An ISB Special Agent helps honor a fallen Civil War soldier

Date: October 16, 2015
Contact: Investigative Services Branch, (202) 379-4761

An original 6-pounder field gun at Wilson's Creek National Battlefield. NPS photo by S Cunningham.
An original 6-pounder field gun at Wilson's Creek National Battlefield

NPS photo by S Cunningham

An ISB Special Agent helps honor a fallen Civil War soldier

The remains of an unidentified Civil War soldier that were illegally removed from Wilson's Creek National Battlefield in 2011 were reinterred in Springfield National Cemetery in October.

The soldier's remains were discovered in an area protected as part of the battlefield when two men went canoeing along Wilson's Creek to look for archeological artifacts. Recent heavy rains eroded parts of the riverbank, revealing what turned out to be a human bone.

In violation of the Archeological Resources Protection Act (ARPA), the men removed several bones - damaging them and the embankment in the process - and took them home.

The ensuing investigation led by an ISB Special Agent identified Coy Matthew Hamilton of Springfield, MO as responsible for the crime. Due to the illegal excavation and removal, the NPS conducted an emergency restoration and repair of the site. NPS archeologists recovered additional remains and clothing items found with the unidentified soldier.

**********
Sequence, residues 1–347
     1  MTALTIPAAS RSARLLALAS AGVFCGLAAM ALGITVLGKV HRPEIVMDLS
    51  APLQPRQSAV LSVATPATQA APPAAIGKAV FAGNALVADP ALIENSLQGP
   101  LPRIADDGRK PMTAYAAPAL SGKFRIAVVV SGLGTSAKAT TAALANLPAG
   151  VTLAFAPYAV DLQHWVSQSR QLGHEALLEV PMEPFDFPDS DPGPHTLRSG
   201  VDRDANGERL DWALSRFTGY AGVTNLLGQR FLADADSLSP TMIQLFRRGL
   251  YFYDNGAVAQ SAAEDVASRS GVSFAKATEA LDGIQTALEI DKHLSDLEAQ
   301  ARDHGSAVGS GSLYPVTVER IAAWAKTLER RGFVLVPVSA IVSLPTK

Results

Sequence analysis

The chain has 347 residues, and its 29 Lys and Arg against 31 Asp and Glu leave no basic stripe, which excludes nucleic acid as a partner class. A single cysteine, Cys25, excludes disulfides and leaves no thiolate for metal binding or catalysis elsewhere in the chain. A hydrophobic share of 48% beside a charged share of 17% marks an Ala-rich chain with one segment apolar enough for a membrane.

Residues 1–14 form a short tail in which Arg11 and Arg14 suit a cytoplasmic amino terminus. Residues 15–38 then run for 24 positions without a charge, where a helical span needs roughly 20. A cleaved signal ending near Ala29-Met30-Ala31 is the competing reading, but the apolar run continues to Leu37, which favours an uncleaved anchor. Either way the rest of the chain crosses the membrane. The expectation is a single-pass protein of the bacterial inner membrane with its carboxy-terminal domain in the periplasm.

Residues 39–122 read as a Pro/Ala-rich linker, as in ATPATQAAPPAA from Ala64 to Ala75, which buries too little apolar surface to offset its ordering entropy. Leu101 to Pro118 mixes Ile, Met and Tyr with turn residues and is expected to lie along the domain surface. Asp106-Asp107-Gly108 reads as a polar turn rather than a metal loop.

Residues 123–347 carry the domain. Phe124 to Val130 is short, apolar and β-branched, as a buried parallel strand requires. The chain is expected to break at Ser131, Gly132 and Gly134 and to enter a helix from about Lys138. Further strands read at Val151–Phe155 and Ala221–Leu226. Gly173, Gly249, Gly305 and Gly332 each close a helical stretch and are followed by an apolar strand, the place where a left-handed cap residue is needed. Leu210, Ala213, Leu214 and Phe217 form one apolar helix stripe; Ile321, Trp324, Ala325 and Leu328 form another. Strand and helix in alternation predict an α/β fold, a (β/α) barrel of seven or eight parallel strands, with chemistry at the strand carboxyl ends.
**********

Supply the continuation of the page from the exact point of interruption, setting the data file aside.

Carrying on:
Hamilton could have faced up to two years imprisonment and $20,000 in fines. However, the US Attorney's Office consulted with the NPS and, based upon the investigation, opted for a pretrial diversion program. Hamilton accepted responsibility for his actions, completed 20 hours of community service, and paid $4,623 for the restoration and repair of the archeological site.

The US Department of Veterans Affairs (VA) and the NPS conducted a committal service of the unidentified Civil War soldier's remains in October at the Springfield National Cemetery. The service began at the cemetery rostrum and continued to Grave No. 286, Section 1 South. The gravesite was marked with a headstone that indicates the soldier's identity is unknown. Attendees included veterans, Civil War re-enactors, members of the general public, and local, state, and federal partners. The service featured remarks by officials from the cemetery and Wilson's Creek National Battlefield, and included funeral honors.

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Last updated: December 1, 2015